Luckily we have planned to integrate the new game into our project from the beginning and built it up accordingly. There is a controller object that is needed for all logic as well as a player object. These two can inherit from the corresponding equivalents in GameMaster and thereby automatically take over a number of required properties, making it possible to start and end the game from the outside, for example. Other objects such as the play card can be adopted with almost no change while the inheriting still need some adjustments.

Like our previous mini game "Gong" we want to allow up to four players, both locally and in network games, instead of the two players from the previous stand-alone game. We also want to add the ability to level up and develop the game which is the basic feature of a mini game in our project. We therefore have to determine which actions yield how many experience points and what functions you can unlock with it. Only a local human player should get experience when competing against CPU players. The higher the level of difficulty, the more points you should receive. Each found pair should give a small amount and winning much more. It would also be nice if you could get experience in a game against humans but it would also make it very easy to cheat. In order to prevent a player from deliberately losing to give the other more experience, he should lose experience in return. But even then, the other player could simply reload his save game after his experience has dropped. To counteract this, one would have to manage the save game for an online game on the server which unfortunately I can not currently offer. In addition, this would be impossible in local offline games.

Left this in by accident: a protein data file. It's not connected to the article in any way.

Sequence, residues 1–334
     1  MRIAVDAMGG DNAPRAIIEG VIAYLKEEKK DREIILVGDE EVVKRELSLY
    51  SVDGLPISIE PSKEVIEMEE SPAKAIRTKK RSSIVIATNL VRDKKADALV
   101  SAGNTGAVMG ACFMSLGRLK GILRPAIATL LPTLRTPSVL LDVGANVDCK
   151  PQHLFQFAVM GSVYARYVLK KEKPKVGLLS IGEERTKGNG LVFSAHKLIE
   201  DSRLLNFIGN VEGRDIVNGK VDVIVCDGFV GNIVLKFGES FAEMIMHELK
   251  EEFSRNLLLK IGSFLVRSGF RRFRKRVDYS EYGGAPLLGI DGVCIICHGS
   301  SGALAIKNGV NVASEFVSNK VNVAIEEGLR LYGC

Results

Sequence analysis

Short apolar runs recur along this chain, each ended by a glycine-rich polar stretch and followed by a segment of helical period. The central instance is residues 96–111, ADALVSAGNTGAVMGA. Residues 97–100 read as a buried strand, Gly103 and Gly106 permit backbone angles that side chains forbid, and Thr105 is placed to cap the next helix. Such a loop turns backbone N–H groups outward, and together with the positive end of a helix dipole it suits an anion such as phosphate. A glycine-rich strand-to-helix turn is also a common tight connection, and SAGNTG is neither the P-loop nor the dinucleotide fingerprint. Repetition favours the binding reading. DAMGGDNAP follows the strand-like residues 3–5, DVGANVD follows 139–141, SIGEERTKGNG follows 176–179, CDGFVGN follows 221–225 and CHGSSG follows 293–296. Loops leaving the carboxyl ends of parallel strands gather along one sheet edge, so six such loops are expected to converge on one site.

Developing new options